Storming of the Bastille redux
February 16 th 2023 - 12:00
Brushes with history are inevitable when meandering around the roads of France. Any ordinary traveller on the route of the 2023 Critérium du Dauphiné would take a break to visit the Château de Vizille, where the Estates General of Dauphiné met in the run-up to the French Revolution. Cycling enthusiasts, on the other hand, look at the map of France through yellow-tinted glasses. For example, when the race starts from the Puy-de-Dôme department, they will take a tender glance at the famous summit, which will be visible in clear weather, and where the Tour de France is scheduled to return after 39 years.
The Dauphiné offers a snapshot of where the best climbers in the peloton stand with just a few weeks to go until the big event in July. The Alps often turn out to be the top riders' favourite hunting grounds, and they are set to reach new heights this year, with the highest finish line in the history of the race, on the Col de la Croix-de-Fer, a whopping 2,067 metres above sea level.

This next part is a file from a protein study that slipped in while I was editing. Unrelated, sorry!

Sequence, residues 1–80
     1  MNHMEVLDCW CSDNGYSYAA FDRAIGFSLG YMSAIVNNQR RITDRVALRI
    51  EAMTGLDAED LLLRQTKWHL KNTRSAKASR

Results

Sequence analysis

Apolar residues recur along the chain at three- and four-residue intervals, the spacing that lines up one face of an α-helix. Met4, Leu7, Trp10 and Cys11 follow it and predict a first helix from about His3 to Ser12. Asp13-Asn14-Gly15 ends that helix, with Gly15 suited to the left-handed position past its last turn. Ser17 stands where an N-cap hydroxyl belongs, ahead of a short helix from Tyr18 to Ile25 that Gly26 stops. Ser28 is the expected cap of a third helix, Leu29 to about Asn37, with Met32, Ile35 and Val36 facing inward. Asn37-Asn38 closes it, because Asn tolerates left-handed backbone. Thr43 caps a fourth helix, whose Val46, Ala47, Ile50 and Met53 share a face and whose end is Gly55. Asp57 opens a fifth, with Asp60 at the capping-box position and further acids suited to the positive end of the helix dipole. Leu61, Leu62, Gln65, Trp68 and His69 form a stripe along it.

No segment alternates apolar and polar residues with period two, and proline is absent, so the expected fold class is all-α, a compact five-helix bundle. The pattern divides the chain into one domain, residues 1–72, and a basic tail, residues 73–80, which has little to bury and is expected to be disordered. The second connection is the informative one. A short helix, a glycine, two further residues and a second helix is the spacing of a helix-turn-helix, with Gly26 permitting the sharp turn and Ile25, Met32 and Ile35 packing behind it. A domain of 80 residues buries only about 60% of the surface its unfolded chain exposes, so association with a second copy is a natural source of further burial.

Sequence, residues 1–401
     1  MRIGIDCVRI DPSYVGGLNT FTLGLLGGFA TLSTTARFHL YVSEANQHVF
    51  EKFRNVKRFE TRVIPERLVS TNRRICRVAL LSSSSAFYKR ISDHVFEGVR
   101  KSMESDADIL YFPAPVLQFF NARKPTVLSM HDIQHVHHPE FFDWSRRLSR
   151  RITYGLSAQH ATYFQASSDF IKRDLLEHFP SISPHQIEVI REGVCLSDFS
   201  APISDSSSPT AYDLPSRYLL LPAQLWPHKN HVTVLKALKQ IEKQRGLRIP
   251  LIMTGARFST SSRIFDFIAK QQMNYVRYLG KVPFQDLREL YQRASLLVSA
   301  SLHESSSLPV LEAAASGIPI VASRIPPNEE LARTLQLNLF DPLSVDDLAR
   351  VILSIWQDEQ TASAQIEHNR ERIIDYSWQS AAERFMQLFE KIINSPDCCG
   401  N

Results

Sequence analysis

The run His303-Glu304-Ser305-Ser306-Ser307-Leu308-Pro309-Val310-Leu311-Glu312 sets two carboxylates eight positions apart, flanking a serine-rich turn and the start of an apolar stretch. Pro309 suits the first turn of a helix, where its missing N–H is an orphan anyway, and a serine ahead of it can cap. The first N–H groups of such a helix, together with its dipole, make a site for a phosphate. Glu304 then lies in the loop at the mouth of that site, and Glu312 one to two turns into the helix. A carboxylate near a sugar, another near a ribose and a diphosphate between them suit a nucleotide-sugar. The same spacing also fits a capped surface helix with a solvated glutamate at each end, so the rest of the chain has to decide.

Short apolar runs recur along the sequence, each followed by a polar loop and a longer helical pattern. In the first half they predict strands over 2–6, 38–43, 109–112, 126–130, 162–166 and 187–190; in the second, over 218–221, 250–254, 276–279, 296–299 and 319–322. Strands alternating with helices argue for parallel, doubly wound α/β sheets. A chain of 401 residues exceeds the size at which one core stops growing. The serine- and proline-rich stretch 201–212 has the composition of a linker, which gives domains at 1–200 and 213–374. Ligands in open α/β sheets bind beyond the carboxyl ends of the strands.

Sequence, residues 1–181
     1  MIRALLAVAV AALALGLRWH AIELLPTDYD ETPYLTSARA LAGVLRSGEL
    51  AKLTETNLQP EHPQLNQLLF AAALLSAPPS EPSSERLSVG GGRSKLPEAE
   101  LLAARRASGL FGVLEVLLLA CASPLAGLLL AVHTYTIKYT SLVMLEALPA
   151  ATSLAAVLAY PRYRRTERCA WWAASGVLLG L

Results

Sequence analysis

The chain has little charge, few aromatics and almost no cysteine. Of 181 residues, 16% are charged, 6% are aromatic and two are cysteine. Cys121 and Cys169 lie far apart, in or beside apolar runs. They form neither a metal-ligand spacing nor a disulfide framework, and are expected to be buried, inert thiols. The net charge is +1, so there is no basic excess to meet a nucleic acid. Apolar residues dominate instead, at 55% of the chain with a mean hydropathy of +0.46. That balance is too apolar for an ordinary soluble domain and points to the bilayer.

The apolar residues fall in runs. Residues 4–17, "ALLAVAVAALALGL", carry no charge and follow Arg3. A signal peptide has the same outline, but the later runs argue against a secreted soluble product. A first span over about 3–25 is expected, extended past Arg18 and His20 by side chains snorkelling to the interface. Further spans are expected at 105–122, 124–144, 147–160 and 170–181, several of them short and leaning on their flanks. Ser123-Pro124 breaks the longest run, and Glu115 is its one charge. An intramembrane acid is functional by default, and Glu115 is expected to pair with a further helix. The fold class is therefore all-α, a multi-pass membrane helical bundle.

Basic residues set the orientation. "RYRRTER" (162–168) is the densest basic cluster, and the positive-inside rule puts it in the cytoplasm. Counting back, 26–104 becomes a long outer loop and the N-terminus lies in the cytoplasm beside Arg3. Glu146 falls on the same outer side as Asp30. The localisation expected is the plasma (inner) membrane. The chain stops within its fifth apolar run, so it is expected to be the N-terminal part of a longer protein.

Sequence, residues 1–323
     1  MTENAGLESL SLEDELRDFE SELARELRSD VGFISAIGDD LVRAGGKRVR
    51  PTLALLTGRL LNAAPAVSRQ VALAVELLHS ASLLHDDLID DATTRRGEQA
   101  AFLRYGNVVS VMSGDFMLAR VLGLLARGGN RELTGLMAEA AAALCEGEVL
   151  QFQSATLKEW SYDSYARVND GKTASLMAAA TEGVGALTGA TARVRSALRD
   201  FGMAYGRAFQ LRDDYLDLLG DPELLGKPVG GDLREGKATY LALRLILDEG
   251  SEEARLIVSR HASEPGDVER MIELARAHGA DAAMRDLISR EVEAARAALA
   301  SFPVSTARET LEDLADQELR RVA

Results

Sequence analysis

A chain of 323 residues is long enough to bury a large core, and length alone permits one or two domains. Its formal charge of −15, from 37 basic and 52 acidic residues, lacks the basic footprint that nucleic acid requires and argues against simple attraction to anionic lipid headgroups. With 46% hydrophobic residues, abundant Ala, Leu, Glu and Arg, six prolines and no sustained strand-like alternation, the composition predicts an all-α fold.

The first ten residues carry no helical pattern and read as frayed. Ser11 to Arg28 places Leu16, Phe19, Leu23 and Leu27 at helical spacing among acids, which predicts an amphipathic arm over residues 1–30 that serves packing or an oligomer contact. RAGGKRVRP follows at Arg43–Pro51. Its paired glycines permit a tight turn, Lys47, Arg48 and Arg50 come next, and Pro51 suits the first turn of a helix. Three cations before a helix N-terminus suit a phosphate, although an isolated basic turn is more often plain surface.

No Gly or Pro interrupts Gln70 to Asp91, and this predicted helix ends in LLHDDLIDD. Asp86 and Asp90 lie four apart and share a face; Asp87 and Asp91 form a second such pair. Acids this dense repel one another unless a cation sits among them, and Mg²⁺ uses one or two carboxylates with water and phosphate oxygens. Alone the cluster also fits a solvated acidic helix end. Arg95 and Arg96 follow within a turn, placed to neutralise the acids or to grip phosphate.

Another kiss with history comes the next day, when the peloton of the Dauphiné will return to Grenoble in a stage decided at the Bastille, a fortress overlooking the city. The final wall (1.8 km at an average gradient of 14.2%) will bring down the curtain on a climb-fest that harks back to one of the most remarkable episodes of Bernard Hinault's career. In 1977, the 22-year-old rider had already taken control of the race on the first ever stage finishing on the heights above the city. However, after leaving the competition in the dust on the ascent to the Col de Porte, the Breton misjudged a corner on the descent to Grenoble, tumbled into the forest and got up from the ground with his yellow jersey sullied by dirt and blood. Hinault, not yet known as the Badger, was down but not out, and he jumped back on his bicycle to storm the Bastille without losing an inch to Thévenet and Van Impe. The legend had begun.